It's no secret that I started Random Bytes to build interest in WebLens and to direct additional traffic there, which it has done quite successfully. Interestingly, though, the audiences for the two sites differ radically, a fact made clear in site stats. The differences are worth sharing here since my blog's audience may represent yours too.
Audience CharacteristicsI have discovered, in poring through my stats, that this blog's audience — that's you, folks — consists of what marketing types would call early adopters, whereas my WebLens audience is more mainstream.
This blog's audience is more adventurous than the WebLens audience. At the risk of generalization, I would venture that you have a greater appreciation for innovation, are more tech-savvy, and are more likely to take risks. This is reflected in the fact that an astounding 65% of you use Firefox or another non-IE browser. My WebLens audience is more conventional, at 82% IE use. (Serious implications here for standards-compliant web design and cross-platform testing.)
Screen ResolutionWith respect to screen resolution, it would seem both audiences are right in the middle, with 65% of the WebLens audience working at 1024 x 768 resolution, versus 61% of the Random Bytes audience.
The difference is seen at the top and bottom extremes, with 5% of Random Bytes visitors at 800 x 600 versus 17% of the WebLens audience. Conversely, about 20% of you are viewing this page on 1280 x 1024 screens versus 10% of the WebLens audience!
Operating SystemsOnce again, choice of operating system varies significantly at the low end, with 13% of WebLens users on Win98 versus 4% of Random Bytes' audience. The other Windows variants (XP, 2000, 2003, ME) represent approximately 86% and 83%, respectively, of the Random Bytes and Weblens audiences. Mac users represent roughly 2-3% of both audiences.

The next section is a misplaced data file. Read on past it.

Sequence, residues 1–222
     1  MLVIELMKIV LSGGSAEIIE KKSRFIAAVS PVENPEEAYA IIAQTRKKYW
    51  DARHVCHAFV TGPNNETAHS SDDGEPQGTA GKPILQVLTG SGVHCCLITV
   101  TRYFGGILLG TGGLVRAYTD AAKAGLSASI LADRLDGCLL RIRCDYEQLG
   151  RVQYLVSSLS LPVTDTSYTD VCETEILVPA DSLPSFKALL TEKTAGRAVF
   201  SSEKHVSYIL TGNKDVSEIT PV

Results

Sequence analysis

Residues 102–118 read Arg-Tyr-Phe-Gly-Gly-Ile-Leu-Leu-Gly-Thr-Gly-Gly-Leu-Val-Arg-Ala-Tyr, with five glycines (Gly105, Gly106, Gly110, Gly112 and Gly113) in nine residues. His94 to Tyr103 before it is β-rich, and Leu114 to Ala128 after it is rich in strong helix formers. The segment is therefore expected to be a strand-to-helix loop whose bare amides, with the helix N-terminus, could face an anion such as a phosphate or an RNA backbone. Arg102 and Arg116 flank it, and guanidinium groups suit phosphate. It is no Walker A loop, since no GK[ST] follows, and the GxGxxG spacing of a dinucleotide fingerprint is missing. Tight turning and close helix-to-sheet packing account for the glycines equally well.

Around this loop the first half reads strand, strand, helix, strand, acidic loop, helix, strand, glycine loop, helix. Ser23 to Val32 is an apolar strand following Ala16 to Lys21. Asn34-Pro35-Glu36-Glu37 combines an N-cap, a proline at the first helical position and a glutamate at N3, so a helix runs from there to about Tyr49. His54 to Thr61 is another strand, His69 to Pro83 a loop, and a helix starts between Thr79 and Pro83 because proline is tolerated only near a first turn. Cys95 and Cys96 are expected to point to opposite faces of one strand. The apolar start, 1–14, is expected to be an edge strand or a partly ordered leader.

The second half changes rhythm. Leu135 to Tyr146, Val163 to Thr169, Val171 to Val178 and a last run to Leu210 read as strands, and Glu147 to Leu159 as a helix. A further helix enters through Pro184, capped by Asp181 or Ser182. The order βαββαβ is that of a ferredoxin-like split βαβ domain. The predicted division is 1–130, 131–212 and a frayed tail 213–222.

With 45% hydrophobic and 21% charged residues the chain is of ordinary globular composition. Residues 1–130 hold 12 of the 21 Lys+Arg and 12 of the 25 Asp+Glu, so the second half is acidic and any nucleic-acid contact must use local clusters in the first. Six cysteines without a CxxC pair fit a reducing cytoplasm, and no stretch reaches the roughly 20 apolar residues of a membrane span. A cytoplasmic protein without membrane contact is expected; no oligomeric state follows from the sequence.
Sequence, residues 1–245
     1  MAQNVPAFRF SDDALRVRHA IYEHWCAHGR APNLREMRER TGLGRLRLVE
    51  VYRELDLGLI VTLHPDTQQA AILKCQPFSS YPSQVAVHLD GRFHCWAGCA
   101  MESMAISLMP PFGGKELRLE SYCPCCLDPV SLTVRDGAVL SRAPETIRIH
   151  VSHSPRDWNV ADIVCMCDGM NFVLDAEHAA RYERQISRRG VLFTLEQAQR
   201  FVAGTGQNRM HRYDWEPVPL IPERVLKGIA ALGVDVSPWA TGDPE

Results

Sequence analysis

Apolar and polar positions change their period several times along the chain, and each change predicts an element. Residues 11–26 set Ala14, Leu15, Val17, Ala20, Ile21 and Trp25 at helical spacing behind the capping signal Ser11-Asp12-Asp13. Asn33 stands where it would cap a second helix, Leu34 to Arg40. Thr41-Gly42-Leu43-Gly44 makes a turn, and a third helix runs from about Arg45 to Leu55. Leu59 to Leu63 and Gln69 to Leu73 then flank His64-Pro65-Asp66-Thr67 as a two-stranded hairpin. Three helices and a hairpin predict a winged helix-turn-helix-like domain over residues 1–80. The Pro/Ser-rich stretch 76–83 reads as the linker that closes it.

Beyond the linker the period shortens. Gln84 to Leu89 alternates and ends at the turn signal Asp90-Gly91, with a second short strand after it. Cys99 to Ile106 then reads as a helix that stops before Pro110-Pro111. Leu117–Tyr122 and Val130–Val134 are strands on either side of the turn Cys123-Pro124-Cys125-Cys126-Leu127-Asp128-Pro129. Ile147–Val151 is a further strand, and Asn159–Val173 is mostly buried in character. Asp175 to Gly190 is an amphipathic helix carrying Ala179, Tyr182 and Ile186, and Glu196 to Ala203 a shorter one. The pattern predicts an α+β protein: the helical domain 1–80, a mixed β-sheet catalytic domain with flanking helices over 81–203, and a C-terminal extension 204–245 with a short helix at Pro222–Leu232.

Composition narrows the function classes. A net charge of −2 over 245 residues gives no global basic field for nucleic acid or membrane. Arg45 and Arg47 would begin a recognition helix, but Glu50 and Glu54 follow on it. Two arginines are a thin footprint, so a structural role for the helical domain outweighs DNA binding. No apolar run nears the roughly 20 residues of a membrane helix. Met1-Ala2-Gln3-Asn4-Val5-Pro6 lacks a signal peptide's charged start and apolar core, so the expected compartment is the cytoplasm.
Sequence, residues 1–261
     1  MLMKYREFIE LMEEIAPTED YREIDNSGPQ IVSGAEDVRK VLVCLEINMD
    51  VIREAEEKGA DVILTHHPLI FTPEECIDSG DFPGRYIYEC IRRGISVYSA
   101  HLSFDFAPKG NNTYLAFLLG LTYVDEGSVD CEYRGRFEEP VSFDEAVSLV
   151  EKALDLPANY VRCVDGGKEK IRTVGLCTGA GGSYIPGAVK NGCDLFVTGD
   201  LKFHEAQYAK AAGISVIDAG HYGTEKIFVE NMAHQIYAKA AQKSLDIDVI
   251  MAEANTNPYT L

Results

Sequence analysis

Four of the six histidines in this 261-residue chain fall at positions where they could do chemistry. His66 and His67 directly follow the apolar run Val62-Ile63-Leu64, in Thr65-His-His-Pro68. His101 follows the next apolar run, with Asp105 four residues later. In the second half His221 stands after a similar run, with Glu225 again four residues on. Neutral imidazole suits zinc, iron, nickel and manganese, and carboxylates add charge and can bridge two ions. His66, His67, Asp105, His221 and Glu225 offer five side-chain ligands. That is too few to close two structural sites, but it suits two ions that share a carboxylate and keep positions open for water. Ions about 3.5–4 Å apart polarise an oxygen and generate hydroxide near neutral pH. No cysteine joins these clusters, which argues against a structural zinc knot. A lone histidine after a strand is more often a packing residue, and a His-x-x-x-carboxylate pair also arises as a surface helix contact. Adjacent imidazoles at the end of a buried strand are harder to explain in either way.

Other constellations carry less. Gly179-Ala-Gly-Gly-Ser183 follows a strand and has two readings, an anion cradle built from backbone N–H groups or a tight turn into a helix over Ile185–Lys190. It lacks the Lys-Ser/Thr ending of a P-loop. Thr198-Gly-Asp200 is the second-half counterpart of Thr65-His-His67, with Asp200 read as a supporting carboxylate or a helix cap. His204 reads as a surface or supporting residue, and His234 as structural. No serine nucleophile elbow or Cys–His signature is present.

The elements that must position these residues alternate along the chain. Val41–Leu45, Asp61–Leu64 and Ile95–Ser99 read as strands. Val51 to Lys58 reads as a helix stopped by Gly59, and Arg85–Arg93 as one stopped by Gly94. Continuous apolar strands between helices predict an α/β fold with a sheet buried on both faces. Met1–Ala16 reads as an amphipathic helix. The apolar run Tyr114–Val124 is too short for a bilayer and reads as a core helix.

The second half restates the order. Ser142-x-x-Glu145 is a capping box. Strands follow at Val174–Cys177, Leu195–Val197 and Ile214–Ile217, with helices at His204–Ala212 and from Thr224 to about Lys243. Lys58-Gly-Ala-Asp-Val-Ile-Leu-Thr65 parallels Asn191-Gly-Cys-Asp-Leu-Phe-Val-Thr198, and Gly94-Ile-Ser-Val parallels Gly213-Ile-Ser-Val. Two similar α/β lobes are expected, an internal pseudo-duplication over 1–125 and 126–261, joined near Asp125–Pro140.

Traffic SourcesMostly importantly, the source of the traffic is markedly different. WebLens' visitors come primarily from universities, colleges, libraries, K-12 schools, governments, and other institutions, via search engines, directories, and links from such entities. WebLens has been around since 1994, so it enjoys healthy link popularity.
On the other hand, this blog is new; its audience still growing, with minimal traffic coming from mainstream search engines. Instead, people are finding Random Bytes through blog search tools like Technorati, through feed aggregators like BlogLines, via people's blogrolls, and via blog directories and link exchanges like BlogExplosion or BlogClicker.
These alternate traffic sources, combined with proactive dissemination of blog content via RSS, render blogs an effective new channel for promoting conventional web sites like WebLens.
Site "Stickiness"I have succeeded in getting you here. My challenge has been to keep you hanging around longer. A discouraging 80% of you linger here less than 5 seconds. It's a little better over at WebLens, where only 66% of the audience clicks away in 5 seconds or less.
I have taken a number of measures to increase site "stickiness" at WebLens. One that has started to pay off is the scattering of strategic cross-links throughout pages. If someone is already on a page of Scholarly & Academic Research resources, why not offer them a link to Reference Tools & Dictionaries? It's working well, and I'm already seeing pages that have been languishing moving up in hit counts.
I'm curious to know if these stats mirror your experience. Do they matter? Do you think the blogosphere is "different"? Share your thoughts, and sign up for our feed to be sure not to miss future posts.